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Christmas almond macaroons

We wanted to make a Christmas treat with similar flavours to stollen, lots of dried fruit, spices and yumminess. These really exceeded our expectations, they are moist, slightly chewy and full of Christmassy goodness!

The aquafaba and ground almond mix is a bit of a star, and can be made without any of the dried fruit and nuts to make a lovely soft cookie.

These almost didn’t last long enough to photograph…

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Christmas almond macaroons

makes 12 to 14


100 ml aquafaba (this should be half the amount you get from 1 400 g tin of chickpeas)
50 g caster sugar
1/4 tsp xanthan gum
a pinch of salt
1/4 tsp mixed spice
150 g ground almonds
50 g pistachios, roughly chopped
60 g glace cherries, quartered
30 g mixed peel
50 g raisins
2 tbsp icing sugar


Preheat the oven to 200 degrees c and line a tray with baking paper.
Using a hand or stand mixer beat the aqua faba until it forms soft peaks. As aquafaba varies in strength, this can take anywhere 4 to 8 minutes.
Beat in the sugar until mixture is glossy and forms stiff peaks. Next beat in the xanthan gum, salt and mixed spice.
Fold in the ground almonds, pistachios, cherries, mixed peel and raisins until well combined. The aquafaba meringue mixture will lose volume, this is correct.
Using two dessert spoons make quenelles of the mixture and drop them carefully onto the lined tray.
Bake for 20 minutes until attractively browned.
When cool, dust with the icing sugar.

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Christmas almond macaroons, just dusted with icing sugar


By A. and E.

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Glazed sesame chestnuts

Chestnuts make perfect pocket warmers for walks out in the frozen winter. No really, they do!
Cook them just before you set out, and then wrap a few in kitchen paper or a handkerchief and pop them into your pocket. They’ll stay warm for a while keeping your hands toasty, and when they’ve cooled you have a lovely snack to give you energy for the rest of the walk!
This recipe is a smoky, spicy, tasty thing to do with the leftovers.

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Glazed sesame chestnuts

serves 4


around 25 chestnuts in shells, or 150 g shelled
2 tsp tomato powder, or 1 tsp tomato puree
1/4 tsp freshly grated nutmeg, or 1/8 tsp ready ground
1/4 tsp salt
1 tbsp oil
2 tbsp tamari
1 tsp liquid smoke or smoked paprika
2 tbsp sesame seeds


Preheat the oven to 200 degrees c.
Cut a slit in each of the chestnut shells (you must do this or they’ll burst in the oven!) And roast for around 20 minutes until the shells have started to open a little. Cool just until you can handle them, and remove the shells and the papery covering inside the shells (if you’re lucky, it all comes off in one go!)
Putting them cut side down and pressing gently on the shell with your palm helps to loosen it.
If you’re using chestnuts that have been previously roasted and then cooled completely they can be rather hard to shell, so pop them back in a hot oven for 2 minutes before shelling. Don’t reheat them for too long or they’ll go hard when they’re baked in the glaze!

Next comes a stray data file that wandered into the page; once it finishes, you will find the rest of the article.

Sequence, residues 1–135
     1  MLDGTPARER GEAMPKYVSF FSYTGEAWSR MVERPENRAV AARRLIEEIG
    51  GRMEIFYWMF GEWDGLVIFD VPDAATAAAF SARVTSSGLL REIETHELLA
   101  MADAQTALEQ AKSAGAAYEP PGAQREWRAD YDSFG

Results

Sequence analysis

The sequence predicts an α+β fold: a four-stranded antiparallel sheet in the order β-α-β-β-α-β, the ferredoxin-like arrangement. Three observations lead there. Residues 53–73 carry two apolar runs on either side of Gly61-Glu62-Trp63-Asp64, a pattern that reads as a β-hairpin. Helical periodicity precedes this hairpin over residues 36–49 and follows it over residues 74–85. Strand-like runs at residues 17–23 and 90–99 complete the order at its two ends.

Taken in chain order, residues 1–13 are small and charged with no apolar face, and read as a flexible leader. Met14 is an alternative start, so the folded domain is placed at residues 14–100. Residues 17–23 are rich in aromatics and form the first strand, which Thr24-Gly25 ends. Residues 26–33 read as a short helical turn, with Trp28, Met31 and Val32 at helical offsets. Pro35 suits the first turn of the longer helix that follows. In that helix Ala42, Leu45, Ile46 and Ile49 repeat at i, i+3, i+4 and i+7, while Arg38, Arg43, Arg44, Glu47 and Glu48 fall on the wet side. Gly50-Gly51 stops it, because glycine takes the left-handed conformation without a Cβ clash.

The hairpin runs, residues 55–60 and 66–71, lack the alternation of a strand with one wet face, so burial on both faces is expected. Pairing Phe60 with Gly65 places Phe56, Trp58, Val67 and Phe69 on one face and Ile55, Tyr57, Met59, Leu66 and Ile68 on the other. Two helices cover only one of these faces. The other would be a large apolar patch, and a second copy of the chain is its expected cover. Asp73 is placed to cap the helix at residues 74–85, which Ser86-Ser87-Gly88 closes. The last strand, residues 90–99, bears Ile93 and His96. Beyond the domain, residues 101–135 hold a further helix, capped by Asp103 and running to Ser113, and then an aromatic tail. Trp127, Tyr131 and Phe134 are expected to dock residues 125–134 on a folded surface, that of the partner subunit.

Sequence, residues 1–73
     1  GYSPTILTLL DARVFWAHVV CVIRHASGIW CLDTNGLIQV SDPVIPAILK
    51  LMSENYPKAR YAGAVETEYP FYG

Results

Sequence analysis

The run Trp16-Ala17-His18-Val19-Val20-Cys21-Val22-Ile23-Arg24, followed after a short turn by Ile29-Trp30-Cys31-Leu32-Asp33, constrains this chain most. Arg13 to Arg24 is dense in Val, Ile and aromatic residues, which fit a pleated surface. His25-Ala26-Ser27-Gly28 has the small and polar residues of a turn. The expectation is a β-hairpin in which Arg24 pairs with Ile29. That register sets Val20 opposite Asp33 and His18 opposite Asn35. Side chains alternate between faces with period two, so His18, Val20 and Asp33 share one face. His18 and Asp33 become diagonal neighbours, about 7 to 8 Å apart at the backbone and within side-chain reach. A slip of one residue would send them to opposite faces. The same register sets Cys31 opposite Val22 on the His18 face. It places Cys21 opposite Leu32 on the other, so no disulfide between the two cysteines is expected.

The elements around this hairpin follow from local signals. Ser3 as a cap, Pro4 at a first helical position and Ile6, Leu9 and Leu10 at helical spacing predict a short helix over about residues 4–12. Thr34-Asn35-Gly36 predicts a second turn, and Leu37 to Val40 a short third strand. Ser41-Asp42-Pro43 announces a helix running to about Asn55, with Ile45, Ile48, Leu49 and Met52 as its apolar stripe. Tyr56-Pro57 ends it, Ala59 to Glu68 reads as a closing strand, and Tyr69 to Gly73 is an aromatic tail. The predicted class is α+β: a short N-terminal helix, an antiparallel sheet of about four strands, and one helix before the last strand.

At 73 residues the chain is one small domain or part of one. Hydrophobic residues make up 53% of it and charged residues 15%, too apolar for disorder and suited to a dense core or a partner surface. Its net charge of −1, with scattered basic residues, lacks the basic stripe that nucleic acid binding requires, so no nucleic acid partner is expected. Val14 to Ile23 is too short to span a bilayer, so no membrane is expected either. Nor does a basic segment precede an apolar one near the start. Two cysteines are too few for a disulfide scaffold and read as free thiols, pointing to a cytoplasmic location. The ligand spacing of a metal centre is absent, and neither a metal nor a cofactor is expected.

Mix together the tomato powder, nutmeg, salt, oil, tamari and liquid smoke and then toss the chestnuts in the resulting paste.
Spread them out on a baking sheet and sprinkle over the sesame seeds.
Bake for 10 minutes, and serve warm or cold.


By E.

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Flower sprout and tofu rice salad with dill and peas

So last year, flower sprouts were flower sprouts, a cross between a brussel sprout and kale and we’ve blogged quite a few recipes using them.
This year however, they appear to be called Kalettes… Which I think sounds like either a helpful 1950’s electrical kitchen implement, or a mysterious item of ladies underwear.
So I’m sticking with flower sprouts, it’s straightforward and my mind is less likely to disappear off on flights of fancy and am much more likely to get some cooking done.
So, to the recipe! The flower sprouts are slightly bitter, and so go beautifully with the sweet peas and pea shoots. With chewy savoury tofu and lovely fresh dill it all comes together very nicely.
I’m increasingly using the sachets of ready cooked rice as a base for lunch salads at the moment, mostly for speed to be honest, but there’s some lovely varieties around at the moment with all sorts of nice seeds and grains added.

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Flower sprout and tofu rice salad with peas and dill

makes 4 servings


200 g flower sprouts, washed and patted dry on kitchen paper
400 g firm tofu, cut into 2 cm ish cubes
2 tbsp oil
2 tsp dried ramsons or 1 clove chopped garlic
3 tbsp tamari
75 g frozen peas
100 g pea shoots
15 g fresh dill, chopped
2 tbsp white balsamic vinegar
500 g cooked rice, (I use 2 of the ready cooked sachets, this time the Tilda brand brown basmati with quinoa, pumpkin seeds and sunflower seeds)


Preheat the oven to 200 degrees c.
Toss the tofu in 1 tbsp of the oil in a roasting tin. Bake for 20 minutes, until starting to brown.
Move the tofu to one side of the tin, turning the cubes over as you go. Add the flower sprouts to the other side, drizzling the remaining 1 tbsp of oil over them. Sprinkle the ramsons or garlic, and tamari over the tofu and flower sprouts and then bake for a further 15 minutes.
The flower sprouts should be crisp in places and cooked through. Leave to cool.
Cook the rice according to the sachet instructions, and tip into a large bowl big enough to hold all the ingredients.
Stir through the frozen peas, and the vinegar. This helps to cool the rice quickly, but stir it around often too. When it’s stopped steaming pop it in the fridge to cool completely.
Mix the tofu, flower sprouts and dill into the rice and peas, and serve each portion on top of 1/4 of the pea shoots.


By E.